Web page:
Considering that the previous initiative “represented an open door to performance at the Centre of Modern Art,” ACARTE organised, in November and December of that same year, the Quinzena Multimédia, where technological performances were privileged, “from the automatic-human characters in Performática by Grupo Néon, to the sonic and visual computer programming of L’Ecran Humain by the Canadian Group Performance Multimedia, through the light and body intersections of Nan Hoover.” A workshop organised by Cario Bengio and Paul St-Jean also took place, along with the talk “18 Attitudes of Performance” by Manoel Barbosa.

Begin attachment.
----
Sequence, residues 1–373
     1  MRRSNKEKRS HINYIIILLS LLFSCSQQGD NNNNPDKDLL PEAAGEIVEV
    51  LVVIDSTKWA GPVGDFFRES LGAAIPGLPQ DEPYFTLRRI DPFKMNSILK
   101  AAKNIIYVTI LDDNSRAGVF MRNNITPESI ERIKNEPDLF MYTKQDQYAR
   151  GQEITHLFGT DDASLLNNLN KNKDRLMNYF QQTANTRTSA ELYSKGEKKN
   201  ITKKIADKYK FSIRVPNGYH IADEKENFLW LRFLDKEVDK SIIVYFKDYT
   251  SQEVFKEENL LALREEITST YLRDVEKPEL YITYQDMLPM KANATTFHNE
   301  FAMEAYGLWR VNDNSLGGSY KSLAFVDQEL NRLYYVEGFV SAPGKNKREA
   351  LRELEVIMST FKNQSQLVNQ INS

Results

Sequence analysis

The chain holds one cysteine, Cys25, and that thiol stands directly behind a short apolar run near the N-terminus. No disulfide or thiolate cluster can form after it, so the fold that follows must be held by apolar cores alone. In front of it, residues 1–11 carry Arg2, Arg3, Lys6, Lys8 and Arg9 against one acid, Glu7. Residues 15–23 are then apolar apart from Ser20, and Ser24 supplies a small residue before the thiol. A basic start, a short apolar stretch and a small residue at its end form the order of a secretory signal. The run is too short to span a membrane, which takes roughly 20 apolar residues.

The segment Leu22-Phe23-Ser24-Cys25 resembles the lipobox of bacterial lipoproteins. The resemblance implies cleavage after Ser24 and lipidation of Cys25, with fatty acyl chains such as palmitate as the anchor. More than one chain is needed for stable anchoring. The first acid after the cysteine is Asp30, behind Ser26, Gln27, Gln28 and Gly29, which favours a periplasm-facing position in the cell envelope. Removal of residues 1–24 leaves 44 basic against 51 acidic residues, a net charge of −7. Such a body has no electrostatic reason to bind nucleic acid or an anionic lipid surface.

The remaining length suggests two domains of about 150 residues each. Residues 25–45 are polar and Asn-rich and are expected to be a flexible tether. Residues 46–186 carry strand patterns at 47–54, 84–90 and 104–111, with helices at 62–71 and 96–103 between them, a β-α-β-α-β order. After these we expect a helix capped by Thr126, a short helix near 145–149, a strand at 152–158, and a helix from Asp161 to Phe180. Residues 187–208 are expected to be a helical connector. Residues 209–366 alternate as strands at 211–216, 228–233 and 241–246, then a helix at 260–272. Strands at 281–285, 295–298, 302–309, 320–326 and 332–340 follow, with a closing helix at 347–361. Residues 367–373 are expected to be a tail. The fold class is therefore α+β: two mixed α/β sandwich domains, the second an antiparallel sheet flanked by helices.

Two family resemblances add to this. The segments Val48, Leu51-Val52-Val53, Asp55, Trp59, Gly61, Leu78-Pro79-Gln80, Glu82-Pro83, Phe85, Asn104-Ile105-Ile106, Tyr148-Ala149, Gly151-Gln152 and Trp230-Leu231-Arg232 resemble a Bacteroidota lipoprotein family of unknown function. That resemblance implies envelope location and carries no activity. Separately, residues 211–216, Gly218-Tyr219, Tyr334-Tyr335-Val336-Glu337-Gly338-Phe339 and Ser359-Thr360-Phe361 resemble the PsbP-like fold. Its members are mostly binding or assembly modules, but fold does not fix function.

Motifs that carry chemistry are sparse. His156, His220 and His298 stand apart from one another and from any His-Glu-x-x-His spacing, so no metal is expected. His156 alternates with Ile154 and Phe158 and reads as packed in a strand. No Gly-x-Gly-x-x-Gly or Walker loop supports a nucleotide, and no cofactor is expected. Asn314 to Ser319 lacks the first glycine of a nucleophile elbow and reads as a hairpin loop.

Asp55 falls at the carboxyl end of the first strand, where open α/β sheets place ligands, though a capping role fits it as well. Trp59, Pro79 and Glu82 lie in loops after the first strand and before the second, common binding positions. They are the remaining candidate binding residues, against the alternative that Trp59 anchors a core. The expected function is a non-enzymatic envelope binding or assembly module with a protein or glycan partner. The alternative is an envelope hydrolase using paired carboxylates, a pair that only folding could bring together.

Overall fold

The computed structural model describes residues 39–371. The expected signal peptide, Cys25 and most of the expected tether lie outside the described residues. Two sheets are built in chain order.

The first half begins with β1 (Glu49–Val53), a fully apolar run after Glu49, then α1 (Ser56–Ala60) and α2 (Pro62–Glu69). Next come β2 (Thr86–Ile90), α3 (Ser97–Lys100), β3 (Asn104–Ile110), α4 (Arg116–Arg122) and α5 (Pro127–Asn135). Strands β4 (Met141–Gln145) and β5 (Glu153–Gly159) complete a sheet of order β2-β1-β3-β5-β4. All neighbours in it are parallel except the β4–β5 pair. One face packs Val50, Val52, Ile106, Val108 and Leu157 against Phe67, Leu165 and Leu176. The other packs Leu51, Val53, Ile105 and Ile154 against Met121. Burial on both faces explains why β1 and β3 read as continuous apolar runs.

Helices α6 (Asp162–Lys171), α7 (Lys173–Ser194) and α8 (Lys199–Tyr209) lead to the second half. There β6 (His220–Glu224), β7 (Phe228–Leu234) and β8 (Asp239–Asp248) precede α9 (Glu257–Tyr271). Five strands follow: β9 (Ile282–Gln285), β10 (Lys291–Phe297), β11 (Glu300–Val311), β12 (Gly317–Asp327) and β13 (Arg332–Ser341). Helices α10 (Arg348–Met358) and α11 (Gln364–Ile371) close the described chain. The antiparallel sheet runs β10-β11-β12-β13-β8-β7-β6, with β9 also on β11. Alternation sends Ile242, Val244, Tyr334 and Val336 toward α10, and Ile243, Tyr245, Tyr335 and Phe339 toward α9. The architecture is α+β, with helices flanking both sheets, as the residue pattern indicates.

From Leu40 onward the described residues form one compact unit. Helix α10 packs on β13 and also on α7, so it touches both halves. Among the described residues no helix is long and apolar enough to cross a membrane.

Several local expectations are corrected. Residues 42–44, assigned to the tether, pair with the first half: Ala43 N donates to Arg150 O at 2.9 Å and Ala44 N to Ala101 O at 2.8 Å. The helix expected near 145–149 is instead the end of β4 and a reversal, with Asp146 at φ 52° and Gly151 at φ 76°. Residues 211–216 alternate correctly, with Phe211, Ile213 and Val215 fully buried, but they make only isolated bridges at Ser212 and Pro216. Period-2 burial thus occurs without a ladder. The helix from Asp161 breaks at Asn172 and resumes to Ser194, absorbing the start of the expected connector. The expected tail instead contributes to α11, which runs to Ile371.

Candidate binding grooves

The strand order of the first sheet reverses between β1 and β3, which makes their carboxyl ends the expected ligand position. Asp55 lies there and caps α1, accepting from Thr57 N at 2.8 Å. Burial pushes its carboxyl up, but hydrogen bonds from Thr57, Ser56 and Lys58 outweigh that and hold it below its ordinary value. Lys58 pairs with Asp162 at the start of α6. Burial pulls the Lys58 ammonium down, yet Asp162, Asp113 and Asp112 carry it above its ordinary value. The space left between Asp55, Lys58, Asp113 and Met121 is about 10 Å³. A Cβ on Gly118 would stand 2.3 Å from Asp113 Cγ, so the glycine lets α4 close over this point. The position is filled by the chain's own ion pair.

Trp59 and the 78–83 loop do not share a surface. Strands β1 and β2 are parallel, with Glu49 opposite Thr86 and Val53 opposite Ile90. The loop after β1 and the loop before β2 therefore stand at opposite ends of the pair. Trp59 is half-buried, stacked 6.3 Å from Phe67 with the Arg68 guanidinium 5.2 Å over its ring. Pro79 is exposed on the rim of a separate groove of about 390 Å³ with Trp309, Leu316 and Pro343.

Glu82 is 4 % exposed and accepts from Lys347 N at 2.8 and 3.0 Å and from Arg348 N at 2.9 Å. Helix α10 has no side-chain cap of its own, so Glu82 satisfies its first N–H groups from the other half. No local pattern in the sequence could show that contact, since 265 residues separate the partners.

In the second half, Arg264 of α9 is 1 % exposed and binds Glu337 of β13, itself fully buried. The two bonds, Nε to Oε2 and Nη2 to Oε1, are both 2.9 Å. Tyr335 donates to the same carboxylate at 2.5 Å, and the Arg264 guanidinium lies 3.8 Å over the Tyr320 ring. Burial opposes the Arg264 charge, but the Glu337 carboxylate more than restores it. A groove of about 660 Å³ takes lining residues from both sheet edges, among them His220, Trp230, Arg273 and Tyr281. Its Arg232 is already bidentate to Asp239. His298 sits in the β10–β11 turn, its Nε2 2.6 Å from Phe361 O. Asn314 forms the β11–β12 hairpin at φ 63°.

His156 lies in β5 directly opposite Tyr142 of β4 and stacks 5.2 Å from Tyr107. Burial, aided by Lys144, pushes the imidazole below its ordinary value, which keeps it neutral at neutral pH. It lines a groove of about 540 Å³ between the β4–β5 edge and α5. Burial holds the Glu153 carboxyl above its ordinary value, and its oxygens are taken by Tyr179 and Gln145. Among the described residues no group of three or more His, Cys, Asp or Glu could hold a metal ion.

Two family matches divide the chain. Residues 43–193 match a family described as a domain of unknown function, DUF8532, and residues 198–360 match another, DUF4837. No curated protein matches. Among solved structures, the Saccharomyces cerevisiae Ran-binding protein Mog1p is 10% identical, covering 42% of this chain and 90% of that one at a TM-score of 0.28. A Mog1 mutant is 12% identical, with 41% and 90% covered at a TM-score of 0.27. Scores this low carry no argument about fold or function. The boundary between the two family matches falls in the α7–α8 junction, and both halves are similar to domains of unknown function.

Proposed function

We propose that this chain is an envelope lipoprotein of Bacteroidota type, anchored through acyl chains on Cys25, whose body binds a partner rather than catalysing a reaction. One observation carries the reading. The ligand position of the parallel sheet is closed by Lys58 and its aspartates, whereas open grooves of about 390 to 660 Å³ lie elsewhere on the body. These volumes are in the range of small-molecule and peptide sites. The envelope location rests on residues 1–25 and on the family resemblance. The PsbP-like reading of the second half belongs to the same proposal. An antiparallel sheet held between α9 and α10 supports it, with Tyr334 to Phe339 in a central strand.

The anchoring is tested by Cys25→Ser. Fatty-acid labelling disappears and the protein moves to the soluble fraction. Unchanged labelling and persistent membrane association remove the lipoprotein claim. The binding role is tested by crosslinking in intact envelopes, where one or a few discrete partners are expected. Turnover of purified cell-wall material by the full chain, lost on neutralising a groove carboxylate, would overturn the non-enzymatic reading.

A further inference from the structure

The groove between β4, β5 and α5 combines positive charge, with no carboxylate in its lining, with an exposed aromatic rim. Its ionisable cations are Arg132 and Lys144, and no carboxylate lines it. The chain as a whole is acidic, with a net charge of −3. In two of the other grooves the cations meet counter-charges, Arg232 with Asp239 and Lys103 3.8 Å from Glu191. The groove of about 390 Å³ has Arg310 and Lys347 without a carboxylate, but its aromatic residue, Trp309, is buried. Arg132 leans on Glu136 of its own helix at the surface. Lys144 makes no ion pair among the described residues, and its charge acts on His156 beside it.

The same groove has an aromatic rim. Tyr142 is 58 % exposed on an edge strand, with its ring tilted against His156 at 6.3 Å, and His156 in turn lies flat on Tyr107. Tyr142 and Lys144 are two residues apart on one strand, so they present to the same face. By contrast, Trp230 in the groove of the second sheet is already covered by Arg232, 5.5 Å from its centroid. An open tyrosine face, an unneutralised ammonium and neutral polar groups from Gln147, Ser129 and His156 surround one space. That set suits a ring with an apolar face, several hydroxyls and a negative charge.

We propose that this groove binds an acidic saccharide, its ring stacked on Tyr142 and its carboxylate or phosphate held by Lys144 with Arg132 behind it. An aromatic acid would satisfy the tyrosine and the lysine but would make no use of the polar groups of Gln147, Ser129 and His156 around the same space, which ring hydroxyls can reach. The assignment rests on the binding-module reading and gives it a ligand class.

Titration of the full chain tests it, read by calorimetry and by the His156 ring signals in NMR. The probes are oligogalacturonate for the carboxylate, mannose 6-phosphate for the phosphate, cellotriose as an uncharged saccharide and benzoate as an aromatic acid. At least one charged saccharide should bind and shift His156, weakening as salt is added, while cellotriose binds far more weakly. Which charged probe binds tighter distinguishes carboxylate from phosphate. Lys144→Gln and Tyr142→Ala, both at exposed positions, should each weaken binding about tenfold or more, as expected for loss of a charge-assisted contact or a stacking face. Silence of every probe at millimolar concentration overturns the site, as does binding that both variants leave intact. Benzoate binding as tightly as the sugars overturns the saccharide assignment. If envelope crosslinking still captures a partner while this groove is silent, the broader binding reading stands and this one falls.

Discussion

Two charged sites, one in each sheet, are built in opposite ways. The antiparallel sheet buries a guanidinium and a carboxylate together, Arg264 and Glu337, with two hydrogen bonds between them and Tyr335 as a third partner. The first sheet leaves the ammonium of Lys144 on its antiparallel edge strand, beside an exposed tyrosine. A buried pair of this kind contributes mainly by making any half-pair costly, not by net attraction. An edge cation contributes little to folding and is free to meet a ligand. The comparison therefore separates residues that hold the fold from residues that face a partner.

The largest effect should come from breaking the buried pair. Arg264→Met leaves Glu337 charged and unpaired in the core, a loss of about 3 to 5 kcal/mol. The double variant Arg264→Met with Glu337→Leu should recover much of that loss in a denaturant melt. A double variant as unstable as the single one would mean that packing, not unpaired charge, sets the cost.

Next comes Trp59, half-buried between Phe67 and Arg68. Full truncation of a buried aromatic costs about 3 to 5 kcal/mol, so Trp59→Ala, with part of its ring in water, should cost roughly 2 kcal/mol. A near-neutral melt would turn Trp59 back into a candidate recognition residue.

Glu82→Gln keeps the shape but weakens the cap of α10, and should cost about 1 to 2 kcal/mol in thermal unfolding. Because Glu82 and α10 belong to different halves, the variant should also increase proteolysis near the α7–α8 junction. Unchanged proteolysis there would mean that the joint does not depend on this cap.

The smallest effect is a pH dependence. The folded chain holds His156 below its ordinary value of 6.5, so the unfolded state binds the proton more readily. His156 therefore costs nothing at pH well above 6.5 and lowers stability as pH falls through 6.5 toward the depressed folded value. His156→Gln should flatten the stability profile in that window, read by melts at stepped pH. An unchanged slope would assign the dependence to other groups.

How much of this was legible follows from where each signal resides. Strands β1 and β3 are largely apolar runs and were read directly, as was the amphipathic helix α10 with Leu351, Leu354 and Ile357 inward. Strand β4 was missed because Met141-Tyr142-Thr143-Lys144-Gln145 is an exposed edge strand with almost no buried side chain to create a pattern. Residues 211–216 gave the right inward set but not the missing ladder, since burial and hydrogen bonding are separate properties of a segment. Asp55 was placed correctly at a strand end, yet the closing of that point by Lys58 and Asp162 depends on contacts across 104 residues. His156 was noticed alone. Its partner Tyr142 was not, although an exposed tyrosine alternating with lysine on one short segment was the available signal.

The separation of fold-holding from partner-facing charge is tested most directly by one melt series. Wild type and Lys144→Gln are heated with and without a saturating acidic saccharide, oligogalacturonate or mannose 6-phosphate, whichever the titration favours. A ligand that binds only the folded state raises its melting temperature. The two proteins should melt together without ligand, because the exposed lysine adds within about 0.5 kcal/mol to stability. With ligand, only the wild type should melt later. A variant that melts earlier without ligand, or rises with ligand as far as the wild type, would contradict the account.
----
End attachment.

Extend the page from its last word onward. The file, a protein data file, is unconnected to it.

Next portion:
A year later, in November 1986, and because “promises are not made to be broken,” like Madalena Perdigão declared in the programme of the event, ACARTE presented Performance-Arte, a show solely dedicated to the work of portuguese performers and which, for that reason, constituted itself as “a sample, necessarily limited and incomplete, of the state of performance in Portugal.” After a break of more than two years but still under Madalena Perdigão’s direction, performance art returns to ACARTE as part of the Ciclo de Arte Experimental, organised as a tribute to Ernesto de Sousa.